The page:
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Discussion Starter · #1 ·
Hi,
I just signed up to ask for advice about a problem my dad has with his silver shadow 2. Basically, the brakes don't work, the pedal goes to the floor without resistance, and there's no braking at all. There's no fluid loss, but a slight seepage on the distribution valves, and brake warning lights 1 and 2 are on.

He'd like to know how to bleed the complete brake system, if that would help solve it, but any advice you can give would be appreciated.

Thanks in advance.
 

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First, do yourself a favor and go to the Hydraulics Pages on Marinus Rijkers' Silver Shadow Website and read through them and watch the animations. It's really critical that you understand how the system as a whole works (although you could ignore the height control part for the time being).

There is no real "brake feel" on the pedal of a Rolls-Royce other than what's provided by the return spring. All applying the brake does is to open a valve.

If he's got no pressure right off the bat for both systems and it never accumulates then I'd suspect failure of both brake pumps, but this seems to be a highly improbable circumstance.

Search for posts I've made in the past. I believe I put up the fairly comprehensive set of diagnostic steps to help you to determine where the failure in the hydraulic/braking system might be.

Since you're dealing with a Shadow II bleeding the braking system should be quite easy. There is no master cylinder to worry about and the way this system works it's constantly supplying its own pressure. Download my easy brake flush and bleed instructions for further guidance.

Afterthought: When is the last time the brake reservoir was opened and examined? When was the last time for a full system flush and fill? Is the car using RR363 only? You could have tons of crud in the reservoir blocking the filter screens (or worse, the filter screens could have collapsed and the crud is now clogging the gravity feeds to the pumps). These cars need to have their brake/hydraulic system completely flushed & filled once every two years, at a minimum. Many were/are sadly neglected in this respect, and when you take the reservoir lid off and the baffles out you might be shocked what you find. These cars are designed to run only using RR363 fluid (though there are some using DOT3/DOT4 spiked with castor oil, but we won't go there). If the wrong fluid was being used, particularly straight DOT3 it can and will eventually cause excessive pump wear and failure. If, heaven forbid, someone put the later mineral oil hydraulic fluid into an RR363 system, and this has happened, the results are disasterous, with the mixture of fluids turning gelatinous and fouling the whole system.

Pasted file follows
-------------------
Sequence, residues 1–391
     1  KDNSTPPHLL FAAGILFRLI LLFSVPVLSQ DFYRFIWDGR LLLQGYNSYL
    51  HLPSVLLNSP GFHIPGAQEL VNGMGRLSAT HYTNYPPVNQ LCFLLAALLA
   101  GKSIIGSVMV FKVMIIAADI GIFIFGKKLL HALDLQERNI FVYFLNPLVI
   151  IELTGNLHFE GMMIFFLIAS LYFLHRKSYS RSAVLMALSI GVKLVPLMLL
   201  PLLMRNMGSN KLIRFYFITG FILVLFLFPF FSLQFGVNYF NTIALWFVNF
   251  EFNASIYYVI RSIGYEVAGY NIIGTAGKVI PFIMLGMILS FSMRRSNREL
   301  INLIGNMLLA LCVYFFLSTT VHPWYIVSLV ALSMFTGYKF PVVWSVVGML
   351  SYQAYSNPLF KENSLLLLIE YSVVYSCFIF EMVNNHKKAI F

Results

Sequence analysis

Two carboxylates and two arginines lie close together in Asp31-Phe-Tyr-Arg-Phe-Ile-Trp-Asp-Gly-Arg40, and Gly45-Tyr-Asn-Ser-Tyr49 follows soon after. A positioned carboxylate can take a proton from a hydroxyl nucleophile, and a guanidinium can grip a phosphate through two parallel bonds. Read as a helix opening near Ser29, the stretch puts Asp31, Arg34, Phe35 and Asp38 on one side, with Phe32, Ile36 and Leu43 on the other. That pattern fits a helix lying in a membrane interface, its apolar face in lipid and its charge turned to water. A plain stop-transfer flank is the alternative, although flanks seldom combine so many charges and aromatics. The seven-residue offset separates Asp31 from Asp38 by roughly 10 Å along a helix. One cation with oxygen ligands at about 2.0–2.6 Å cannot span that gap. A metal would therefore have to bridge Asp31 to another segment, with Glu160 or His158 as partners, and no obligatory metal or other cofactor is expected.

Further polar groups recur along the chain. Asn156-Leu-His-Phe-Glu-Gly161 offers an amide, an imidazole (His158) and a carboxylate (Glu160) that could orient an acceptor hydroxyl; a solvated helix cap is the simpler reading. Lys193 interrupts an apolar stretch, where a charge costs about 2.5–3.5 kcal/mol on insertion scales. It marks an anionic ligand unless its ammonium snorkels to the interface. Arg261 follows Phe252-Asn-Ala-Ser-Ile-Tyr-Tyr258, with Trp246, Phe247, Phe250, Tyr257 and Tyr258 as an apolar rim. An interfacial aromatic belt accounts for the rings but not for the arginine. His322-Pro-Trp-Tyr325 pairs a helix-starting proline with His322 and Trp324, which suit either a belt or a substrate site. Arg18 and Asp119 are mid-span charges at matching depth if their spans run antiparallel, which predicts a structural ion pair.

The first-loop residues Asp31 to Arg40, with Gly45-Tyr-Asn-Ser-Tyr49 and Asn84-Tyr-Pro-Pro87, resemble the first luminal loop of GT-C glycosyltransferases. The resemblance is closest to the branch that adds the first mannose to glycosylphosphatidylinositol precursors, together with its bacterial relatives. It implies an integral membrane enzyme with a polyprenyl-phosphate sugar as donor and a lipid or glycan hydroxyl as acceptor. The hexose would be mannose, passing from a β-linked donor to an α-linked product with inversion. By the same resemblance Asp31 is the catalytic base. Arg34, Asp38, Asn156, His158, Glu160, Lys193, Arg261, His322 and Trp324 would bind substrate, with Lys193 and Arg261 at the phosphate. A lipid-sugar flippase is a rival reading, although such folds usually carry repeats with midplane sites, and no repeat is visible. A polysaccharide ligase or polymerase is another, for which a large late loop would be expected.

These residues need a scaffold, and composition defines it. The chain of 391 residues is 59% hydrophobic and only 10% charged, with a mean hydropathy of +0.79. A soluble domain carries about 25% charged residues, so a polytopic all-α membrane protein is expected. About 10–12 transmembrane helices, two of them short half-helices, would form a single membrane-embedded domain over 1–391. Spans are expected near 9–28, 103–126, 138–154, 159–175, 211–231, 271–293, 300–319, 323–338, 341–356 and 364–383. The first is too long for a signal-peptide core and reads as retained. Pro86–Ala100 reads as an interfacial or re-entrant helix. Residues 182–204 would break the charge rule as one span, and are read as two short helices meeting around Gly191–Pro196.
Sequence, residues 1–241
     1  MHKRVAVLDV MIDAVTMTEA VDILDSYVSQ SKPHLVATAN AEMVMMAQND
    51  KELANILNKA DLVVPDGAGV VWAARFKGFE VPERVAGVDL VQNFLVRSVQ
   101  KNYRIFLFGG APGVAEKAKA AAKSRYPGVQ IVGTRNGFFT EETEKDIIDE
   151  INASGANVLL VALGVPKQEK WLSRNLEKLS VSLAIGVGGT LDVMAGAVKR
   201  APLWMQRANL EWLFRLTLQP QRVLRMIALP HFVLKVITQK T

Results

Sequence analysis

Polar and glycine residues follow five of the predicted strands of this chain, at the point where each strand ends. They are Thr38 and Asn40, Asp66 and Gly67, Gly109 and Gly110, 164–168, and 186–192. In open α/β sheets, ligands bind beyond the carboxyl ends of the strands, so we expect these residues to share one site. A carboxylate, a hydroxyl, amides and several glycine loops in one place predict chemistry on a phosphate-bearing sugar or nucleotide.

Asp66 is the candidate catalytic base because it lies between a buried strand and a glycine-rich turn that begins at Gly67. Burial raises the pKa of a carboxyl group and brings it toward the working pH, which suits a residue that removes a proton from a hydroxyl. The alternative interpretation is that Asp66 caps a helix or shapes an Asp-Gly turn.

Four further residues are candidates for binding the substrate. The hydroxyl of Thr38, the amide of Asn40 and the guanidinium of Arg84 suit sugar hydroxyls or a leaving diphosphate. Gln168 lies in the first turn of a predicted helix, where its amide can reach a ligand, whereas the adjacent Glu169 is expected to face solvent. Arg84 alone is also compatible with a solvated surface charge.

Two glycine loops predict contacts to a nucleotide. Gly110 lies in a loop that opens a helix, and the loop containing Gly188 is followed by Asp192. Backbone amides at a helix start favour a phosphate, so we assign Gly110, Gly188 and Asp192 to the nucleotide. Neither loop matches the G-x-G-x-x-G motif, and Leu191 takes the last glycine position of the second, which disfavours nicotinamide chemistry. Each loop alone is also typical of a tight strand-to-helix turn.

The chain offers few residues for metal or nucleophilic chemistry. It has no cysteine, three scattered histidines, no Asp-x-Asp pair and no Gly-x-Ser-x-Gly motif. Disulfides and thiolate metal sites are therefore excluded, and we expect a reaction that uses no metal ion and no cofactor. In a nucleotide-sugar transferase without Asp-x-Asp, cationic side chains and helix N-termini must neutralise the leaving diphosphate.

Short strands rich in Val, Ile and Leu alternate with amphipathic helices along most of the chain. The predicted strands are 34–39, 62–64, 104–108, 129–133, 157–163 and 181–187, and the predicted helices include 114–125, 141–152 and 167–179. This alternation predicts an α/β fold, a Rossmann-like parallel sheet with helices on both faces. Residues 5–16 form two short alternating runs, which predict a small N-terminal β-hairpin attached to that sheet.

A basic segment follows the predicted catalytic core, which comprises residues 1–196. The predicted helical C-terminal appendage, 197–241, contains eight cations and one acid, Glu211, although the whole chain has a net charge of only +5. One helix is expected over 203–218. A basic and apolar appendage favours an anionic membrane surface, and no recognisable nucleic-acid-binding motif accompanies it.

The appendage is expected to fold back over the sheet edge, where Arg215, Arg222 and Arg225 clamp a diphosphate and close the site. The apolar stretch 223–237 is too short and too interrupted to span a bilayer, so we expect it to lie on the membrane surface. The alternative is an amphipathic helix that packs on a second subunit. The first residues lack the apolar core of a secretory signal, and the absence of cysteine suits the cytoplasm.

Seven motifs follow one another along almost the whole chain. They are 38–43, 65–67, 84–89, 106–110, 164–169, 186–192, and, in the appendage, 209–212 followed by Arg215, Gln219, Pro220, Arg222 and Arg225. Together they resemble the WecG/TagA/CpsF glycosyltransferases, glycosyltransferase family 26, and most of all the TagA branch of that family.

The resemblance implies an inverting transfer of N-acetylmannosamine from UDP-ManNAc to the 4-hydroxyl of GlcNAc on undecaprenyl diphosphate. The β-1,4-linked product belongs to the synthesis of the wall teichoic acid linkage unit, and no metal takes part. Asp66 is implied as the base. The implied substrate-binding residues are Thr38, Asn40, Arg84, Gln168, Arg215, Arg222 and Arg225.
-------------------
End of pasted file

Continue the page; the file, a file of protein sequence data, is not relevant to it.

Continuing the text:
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Discussion Starter · #3 ·
Thanks for the advice, the car was apparently in storage for years before Dad got it, he's already started flushing out the system so I've printed off your post and that .pdf along with a few other things.
 

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Your observation, "the car was apparently in storage for years," is a huge red flag. One of the worst things for these cars (or any car, for that matter, but the problem range is wider for PMCs [Proper Motor Cars - a commonly used, in an arch (adj, sense 2B) way, colloquialism for Rolls-Royce and Bentley automobiles, taken as offensive by some but playful by many]) is sitting and not being used. So many things just die, freeze, corrode, rot, etc., from lack of use.

The first thing he needs to do is to examine the contents of the reservoir. The next thing is to examine the contents (and hope there are none) of the gravity feed lines, including the metal sections, between the reservoir and the pumps.

My guess is that there is a complete starvation of brake fluid. This is extremely damaging to the pumps if the car is running without fluid getting to them, as the fluid is the only lubricant for the pumps and they are machined to very, very fine tolerances. Running them dry is a recipe for destruction.
 

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Discussion Starter · #5 ·
Looks like you were right. I showed Dad your post and it matches with what he's found so far. I'm paraphrasing his reply here:

First of all, many thanks for the information, it's helped a lot. There was sediment in the resevoir, that's now been cleaned out. There may have been a blockage. The pipes from the pumps to the accumulators have been taken off, fluid was coming out of the front pump but not the back. After cleaning everything out, the gravity feed lines are now clear (not sure if they were before or not), but there's still no fluid coming out of the back pump.

He's just trying to take the back pump off now, but having difficulty. I'm going to take a look at that site you recommended to try and find some diagrams for it.
 
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